Some of the information posted on these sites was downright false, especially claims that Chinese would be able to buy Kazakh land. There was a provision to lease land to foreigners, but there was never any proviso allowing any foreigner to own any of Kazakhstan’s land.
“A big part of the fear over this land issue [was the] idea that this land would be rented out to the Chinese government or to Chinese settlers and that Kazakhs were the ones who would lose,” Standish said,
In western Kazakhstan, in cities such Atyrau and Aqtobe, where people had long felt neglected by the authorities, protests started on April 24, 2016, and continued for several days.
The Kazakh government then announced it was suspending plans to implement the land-reform package.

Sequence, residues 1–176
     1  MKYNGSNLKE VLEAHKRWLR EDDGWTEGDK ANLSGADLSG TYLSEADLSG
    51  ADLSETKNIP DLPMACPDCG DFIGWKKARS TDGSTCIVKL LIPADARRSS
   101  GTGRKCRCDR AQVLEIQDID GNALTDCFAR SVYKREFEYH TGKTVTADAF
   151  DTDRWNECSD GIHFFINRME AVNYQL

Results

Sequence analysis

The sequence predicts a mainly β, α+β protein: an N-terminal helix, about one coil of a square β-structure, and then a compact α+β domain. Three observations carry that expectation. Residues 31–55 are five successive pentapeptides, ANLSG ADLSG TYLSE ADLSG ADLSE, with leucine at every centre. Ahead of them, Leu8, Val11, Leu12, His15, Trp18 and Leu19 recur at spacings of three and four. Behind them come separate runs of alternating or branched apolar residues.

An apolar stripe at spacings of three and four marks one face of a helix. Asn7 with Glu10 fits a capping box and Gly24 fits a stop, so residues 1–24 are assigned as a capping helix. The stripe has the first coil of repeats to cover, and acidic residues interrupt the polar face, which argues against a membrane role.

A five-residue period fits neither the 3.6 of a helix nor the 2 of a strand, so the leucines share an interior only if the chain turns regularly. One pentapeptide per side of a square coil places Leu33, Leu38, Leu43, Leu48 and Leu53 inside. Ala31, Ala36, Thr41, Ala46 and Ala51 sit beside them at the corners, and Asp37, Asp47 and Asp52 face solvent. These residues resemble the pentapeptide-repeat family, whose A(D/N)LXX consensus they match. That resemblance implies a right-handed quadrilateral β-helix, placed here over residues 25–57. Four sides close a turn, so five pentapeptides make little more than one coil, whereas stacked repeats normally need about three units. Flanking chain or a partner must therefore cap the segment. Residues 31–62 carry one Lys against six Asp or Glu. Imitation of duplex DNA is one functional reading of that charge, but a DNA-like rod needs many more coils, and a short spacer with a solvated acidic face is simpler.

But that issue opened the gates to other grievances, as Standish pointed out.
“These protests were about land issues but they became this catch-all for a lot of other anxieties and frustrations that people have with the government of the country,” he said.
In Toleukhanova’s view, “People [were] disgusted [with] corruption and probably [the] dead political environment, fake elections, and all of these things that before they didn’t pay attention to or didn’t discuss, but with this land movement people became more open and more willing to discuss this.”
Toleukhanova said the protests in western Kazakhstan were “a shock both for the authorities and the people.”
As surprising as the protests were for the authorities, the inability of the government to use media to calm the situation was just as troubling.
“The government tried to use state media a lot to communicate with its own people,” Standish said, adding that the ineffectiveness of this communication “was quite surprising for a lot of officials.”